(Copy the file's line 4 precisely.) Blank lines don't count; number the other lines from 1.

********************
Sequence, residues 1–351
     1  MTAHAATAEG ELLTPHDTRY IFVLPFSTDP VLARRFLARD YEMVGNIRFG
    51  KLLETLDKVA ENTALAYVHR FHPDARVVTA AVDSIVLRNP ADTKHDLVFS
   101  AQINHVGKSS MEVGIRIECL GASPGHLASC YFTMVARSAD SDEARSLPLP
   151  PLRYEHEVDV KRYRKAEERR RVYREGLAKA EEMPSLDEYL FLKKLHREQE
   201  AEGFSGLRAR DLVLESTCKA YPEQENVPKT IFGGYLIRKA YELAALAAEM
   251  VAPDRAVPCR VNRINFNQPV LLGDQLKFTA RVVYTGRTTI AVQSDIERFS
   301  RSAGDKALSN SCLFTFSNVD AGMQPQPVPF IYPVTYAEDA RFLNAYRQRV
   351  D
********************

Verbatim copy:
   101  AQINHVGKSS MEVGIRIECL GASPGHLASC YFTMVARSAD SDEARSLPLP